Best practices on setting up a new Rust project

Cargo tool has a `cargo new` or `cargo init` command, but is it the only step that you need to think about for your Rust project? Let's see the important extra steps of creating a Rust crate, step 43 will shock you.

.gitignore and equivalents

The `cargo new` command has a `--vcs` option, and supports: git, hg, pijul, or fossil. But if you forgot to pass that option, set up the ignore files for your chosen VCS.

For binaries, you're supposed to exclude `target` directory, and for libraries, `target` directory and the `Cargo.lock` file (FAQ entry).

#.gitignore file contents

# Build artifacts

# For library crates

Cargo.toml fields

`cargo new` creates the Cargo.toml file with fields; name, version, and edition. But to be able to upload the crate to, you'll also need to provide a `description` and `license` (Or `license-file`) fields. The `license` field is a string, filled with your chosen license(s) from If the license is not covered there, you can provide the license-file, as well. Keep in mind that it's a good practice to include the entire license in a file named `LICENSE` in the repository root, and add any required comment headers of the license to the source files.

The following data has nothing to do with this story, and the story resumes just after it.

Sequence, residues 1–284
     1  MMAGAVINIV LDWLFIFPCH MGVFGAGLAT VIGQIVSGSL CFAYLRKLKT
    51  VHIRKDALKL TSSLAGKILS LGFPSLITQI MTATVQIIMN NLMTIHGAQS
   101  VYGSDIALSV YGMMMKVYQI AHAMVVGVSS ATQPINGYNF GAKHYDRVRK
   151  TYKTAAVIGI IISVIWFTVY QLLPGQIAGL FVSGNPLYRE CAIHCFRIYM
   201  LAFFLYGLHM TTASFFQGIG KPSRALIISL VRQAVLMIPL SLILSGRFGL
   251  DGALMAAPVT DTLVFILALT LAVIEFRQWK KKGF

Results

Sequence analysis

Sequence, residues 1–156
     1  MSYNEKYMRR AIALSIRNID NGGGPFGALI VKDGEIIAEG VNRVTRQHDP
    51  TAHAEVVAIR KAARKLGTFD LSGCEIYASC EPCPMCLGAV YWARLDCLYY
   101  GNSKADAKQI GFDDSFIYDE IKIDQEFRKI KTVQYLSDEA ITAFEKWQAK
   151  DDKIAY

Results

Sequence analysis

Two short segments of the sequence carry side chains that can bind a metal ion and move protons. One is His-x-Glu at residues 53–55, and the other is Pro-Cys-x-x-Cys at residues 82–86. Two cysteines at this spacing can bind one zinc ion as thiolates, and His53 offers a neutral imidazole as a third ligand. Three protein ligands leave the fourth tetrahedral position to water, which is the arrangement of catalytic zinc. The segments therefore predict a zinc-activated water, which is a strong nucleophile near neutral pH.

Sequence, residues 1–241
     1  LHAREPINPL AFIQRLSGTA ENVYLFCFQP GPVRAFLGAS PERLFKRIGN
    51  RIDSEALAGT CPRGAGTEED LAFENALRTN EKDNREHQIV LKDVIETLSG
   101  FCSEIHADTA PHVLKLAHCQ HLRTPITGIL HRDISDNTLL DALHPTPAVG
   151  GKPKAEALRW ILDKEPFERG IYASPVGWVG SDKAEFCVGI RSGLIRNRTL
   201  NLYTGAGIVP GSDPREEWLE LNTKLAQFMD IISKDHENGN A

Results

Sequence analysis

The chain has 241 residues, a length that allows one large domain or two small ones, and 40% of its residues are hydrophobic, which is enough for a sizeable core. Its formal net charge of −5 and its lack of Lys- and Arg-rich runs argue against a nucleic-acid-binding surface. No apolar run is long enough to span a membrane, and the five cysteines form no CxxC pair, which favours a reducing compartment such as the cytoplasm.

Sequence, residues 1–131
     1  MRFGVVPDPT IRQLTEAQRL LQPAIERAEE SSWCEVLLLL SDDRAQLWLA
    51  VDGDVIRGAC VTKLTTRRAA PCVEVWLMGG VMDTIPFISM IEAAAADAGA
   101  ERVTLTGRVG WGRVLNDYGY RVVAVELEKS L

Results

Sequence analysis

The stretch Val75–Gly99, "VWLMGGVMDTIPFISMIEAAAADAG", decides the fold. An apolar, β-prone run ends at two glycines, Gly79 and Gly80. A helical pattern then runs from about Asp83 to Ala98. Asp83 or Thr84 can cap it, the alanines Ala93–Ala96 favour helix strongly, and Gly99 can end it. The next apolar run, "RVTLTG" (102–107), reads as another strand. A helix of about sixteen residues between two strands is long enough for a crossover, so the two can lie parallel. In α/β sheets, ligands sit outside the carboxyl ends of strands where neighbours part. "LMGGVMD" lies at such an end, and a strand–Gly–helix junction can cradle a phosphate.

There are also optional fields which you probably want to fill:
  • documentation (more on this later)
  • homepage
  • repository
  • keywords
  • categories

Publishing to may not be the only registry, but it's the one we will be using here.

This requires creating an account in, verifying your email, getting an API key and running

cargo login  # need the api key now
cargo publish --dry-run  # check warnings/errors
cargo publish   # need the email verified account now



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